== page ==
This page is also available in: English (אנגלית)
August 07, 2012 – In many cases, the individuals and companies engaging in terror finance are unaware of their role providing funding to terrorist groups. The global economy runs on endless transactions and layers and layers of financial bureaucracy that can obscure the channels through which money passes to terrorists. But no matter the funder’s intention, the fact remains that their assets allow terrorist groups to maintain their operations and carry out unspeakable acts of horror. Companies should be liable for the damage their money causes, and held accountable for their role in the financial chain.
For those questioning the extent and impact of terror financing, the September 11th attacks provide an important illustrative example. The most infamous terrorist attack on U.S. soil cost somewhere between $400,000 and $500,000 to execute, making extensive use of banks in the United States. And while officials remain unable to determine the origin of the money used, it is known that al-Qaeda had many sources of funding and a pre-September 11th annual budget estimated at $30 million.
Today, the scale of terror finance has expanded at a tremendous – and alarming – rate. Of the $3 trillion exchanged in today's international markets, hundreds of millions annually are used to finance terrorism. Money laundering is a particularly popular tool for terrorist groups, many of which benefit from a global drug trafficking trade worth $100 billion annually. Al-Qaeda in particular capitalizes on the heroin trade in South Asia to safeguard and channel their finances internationally.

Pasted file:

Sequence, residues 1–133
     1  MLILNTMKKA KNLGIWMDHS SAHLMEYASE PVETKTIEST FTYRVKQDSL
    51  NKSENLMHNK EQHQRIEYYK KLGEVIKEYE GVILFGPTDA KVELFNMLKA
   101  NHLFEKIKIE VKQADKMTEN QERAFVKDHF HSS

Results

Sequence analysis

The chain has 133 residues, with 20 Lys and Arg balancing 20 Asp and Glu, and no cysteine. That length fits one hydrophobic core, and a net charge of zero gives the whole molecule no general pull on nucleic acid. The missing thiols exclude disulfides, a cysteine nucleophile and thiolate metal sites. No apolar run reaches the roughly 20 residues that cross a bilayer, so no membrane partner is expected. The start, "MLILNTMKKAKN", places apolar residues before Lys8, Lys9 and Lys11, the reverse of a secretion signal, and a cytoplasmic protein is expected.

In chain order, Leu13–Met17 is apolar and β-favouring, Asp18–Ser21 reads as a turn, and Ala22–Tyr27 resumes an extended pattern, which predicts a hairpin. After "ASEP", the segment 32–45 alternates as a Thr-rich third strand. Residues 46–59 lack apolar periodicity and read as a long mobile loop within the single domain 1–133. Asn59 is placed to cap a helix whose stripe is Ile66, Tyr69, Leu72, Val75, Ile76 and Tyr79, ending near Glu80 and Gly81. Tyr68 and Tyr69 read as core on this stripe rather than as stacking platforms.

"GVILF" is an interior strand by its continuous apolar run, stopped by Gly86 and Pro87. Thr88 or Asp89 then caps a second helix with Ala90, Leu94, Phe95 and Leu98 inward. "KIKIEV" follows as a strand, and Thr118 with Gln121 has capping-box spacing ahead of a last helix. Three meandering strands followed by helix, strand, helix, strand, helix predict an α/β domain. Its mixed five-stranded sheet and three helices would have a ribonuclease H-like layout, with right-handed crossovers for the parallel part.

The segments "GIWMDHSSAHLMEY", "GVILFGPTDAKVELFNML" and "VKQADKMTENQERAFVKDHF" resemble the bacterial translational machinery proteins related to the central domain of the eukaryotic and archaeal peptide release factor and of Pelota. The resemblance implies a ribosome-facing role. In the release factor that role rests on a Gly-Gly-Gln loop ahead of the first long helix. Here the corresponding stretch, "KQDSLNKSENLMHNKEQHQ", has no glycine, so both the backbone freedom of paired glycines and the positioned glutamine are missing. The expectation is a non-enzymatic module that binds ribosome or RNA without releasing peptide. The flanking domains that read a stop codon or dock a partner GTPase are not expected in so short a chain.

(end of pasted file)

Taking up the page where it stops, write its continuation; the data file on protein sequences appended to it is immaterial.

The Iran Sanctions Bill builds on penalties that are intended to disrupt this terrorist money trail. Under the legislation, U.S. financial institutions will be newly empowered to monitor and halt illicit activity between companies doing business with Iran, especially those based in the United States. By sanctioning Iran's transactions related to international oil sales, technology, shipping, and financial sectors, this week's act of Congress is a major step toward combating terrorist activity. Financial institutions and oil companies that help fund – wittingly or not – terror activities: you are on notice.
The members of Congress and organizations that courageously pushed for passage of the Iran Sanctions Bill – including the American Israel Public Affairs Committee – deserve to be recognized for their role in raising the stakes against perpetrators of terror. Their collective effort, exemplified by a 421-6 majority vote, empowers our fight against a global terrorist network.
In a climate where we must be ever vigilant against terrorist threats, it is important to relish and savor these times of collective, bipartisan action. But we cannot rest on our laurels. We have to keep adapting, keep preempting, and keep fighting the fiscal lifeblood that keeps the heart of terrorist groups beating. This act of Congress is a powerful step in the right direction, but the international community must also join our efforts to ensure these sanctions have their desired effect. Otherwise, we will simply be fighting a terrorist Hydra – with new financial channels opening where others have already been closed.